Iwata Discusses Third-Party Resurgence on Wii




“Third-party games don’t sell on Wii.”


It’s a heated debate that is brought up all too often. Whether or not this theory holds any merit in the Western markets is up for debate.


However, one would be hard-pressed to present any evidence pointing to the contrary while monitoring the overall market situation in Japan. (If you haven’t been keeping up with with Japanese game market trends, I’d highly recommend NeoGAF’s excellent weekly Media Create threads.) Third-party sales on Wii in general are underwater and the recent release of the Monster Hunter G port can’t really be used as an accurate yardstick by which one could measure how well third-party games perform either.


It’s a disturbing situation to say the least and one that Nintendo president Satoru Iwata committed to addressing. From Nintendo’s financial results presentation for fiscal ’09:


When we look at the situation of Wii in Japan, we cannot say that the mechanism which worked on DS is working on Wii. Two years after its launch in Japan, in the latter half of the previous fiscal year, we were not able to largely increase the ratio of third party publishers sales in Japan.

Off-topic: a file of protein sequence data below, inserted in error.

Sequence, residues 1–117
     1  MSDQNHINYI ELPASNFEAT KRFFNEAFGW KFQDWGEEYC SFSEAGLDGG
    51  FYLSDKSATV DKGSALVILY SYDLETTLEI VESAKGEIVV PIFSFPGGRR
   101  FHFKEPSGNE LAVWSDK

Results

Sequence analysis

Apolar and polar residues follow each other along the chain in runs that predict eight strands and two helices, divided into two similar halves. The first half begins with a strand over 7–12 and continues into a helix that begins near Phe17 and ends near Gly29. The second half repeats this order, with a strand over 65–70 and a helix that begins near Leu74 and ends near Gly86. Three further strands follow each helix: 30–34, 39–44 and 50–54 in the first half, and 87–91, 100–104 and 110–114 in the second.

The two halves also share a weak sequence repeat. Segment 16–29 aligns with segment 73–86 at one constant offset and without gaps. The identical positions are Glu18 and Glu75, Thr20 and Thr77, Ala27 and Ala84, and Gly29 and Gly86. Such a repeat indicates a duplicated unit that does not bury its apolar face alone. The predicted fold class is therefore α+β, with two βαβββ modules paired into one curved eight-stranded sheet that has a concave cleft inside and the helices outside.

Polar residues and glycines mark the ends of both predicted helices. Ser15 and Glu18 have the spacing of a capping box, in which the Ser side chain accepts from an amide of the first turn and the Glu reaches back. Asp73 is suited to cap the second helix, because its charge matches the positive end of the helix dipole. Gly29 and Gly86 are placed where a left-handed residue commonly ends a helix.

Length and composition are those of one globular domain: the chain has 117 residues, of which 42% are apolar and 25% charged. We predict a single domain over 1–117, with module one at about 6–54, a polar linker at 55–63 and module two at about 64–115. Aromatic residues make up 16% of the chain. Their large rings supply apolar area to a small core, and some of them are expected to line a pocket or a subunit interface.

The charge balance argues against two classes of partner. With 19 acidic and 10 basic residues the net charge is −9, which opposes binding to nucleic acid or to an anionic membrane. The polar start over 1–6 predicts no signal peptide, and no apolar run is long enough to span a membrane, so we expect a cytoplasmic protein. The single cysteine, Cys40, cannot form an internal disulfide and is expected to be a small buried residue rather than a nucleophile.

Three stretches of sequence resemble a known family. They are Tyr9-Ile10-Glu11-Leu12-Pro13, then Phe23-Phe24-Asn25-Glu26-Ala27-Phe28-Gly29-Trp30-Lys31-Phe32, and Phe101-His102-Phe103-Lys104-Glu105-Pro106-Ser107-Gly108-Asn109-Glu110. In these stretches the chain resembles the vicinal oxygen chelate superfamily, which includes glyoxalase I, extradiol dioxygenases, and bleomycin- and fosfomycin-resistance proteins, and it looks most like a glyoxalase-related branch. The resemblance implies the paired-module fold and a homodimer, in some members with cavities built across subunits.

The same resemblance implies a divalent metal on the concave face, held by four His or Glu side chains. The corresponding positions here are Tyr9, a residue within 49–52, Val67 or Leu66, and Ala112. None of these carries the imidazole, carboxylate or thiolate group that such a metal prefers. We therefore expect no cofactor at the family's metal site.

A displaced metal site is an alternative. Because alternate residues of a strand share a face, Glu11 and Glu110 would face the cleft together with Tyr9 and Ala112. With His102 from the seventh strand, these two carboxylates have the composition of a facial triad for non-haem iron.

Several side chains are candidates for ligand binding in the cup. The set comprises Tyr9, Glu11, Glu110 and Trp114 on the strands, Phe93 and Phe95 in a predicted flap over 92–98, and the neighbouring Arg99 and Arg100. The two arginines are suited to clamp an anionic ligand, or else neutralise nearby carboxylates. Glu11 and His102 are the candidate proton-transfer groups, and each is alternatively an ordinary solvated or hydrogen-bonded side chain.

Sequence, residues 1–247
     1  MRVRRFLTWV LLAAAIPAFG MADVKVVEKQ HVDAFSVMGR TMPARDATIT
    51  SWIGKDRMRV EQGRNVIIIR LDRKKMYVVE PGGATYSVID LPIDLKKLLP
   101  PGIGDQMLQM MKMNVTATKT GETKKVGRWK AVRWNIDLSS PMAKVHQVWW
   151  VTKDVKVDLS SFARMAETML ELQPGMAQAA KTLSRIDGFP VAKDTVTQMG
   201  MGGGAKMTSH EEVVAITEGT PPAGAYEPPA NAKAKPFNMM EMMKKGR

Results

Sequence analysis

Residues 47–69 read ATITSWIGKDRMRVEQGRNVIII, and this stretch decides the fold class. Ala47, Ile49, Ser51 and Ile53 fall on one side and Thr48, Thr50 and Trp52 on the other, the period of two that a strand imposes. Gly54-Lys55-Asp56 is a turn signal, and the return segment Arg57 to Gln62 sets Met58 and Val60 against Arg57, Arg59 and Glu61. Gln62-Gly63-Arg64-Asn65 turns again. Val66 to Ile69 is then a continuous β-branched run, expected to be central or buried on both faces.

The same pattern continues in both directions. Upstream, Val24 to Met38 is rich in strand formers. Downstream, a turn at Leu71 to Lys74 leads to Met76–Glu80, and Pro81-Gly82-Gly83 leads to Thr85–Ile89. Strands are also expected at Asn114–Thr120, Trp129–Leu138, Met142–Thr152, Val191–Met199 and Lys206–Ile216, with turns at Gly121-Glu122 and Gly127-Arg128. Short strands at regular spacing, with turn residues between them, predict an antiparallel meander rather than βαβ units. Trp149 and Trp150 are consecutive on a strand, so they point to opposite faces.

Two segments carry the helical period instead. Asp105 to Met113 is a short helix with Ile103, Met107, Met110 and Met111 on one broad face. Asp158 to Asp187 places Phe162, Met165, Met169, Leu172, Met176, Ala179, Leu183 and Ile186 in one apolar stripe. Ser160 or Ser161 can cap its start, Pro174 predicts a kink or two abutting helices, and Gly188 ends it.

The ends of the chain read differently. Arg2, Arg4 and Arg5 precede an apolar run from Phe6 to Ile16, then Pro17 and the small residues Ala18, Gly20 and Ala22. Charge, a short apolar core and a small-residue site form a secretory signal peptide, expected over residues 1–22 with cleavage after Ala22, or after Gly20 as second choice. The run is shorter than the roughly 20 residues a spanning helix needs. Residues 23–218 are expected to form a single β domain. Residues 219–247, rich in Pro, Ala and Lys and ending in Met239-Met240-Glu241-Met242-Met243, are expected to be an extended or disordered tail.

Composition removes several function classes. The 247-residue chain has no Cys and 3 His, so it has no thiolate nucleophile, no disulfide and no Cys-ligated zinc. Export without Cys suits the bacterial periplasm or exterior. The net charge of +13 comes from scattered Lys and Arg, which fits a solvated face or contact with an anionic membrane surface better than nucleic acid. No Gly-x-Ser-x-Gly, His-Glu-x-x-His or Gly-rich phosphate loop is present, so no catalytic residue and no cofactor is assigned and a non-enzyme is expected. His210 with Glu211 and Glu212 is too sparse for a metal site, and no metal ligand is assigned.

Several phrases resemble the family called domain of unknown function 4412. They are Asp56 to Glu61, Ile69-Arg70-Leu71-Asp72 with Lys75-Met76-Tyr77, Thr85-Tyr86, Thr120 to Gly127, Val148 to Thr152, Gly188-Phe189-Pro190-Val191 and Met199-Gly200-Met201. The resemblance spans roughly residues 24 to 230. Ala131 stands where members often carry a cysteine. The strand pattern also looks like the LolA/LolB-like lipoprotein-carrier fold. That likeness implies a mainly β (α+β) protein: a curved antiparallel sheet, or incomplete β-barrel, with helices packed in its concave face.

However in Japan, the much-anticipated Monster Hunter Tri will be launched in the coming summer. Several new strong Wii titles are expected to follow. We recognize that this is an important, challenging time for us. We will challenge to increase the presence of third party titles on Wii.


Interesting remark. “Several new strong Wii titles are expected to follow.” Is Iwata saying that the release of Monster Hunter 3 will influence other Japanese publishers to release more games for the system in the same way the “Dragon Quest IX for DS” announcement triggered a flood of DS RPGs? Keep in mind that DQX is going to be on Wii, too.


Or is he simply referring to the release of games that were shown off at last year’s October conference? Regardless, it’ll be interesting to see how Nintendo address the situation.

Ishaan Sahdev
Ishaan specializes in game design/sales analysis. He's the former managing editor of Siliconera and wrote the book "The Legend of Zelda - A Complete Development History". He also used to moonlight as a professional manga editor. These days, his day job has nothing to do with games, but the two inform each other nonetheless.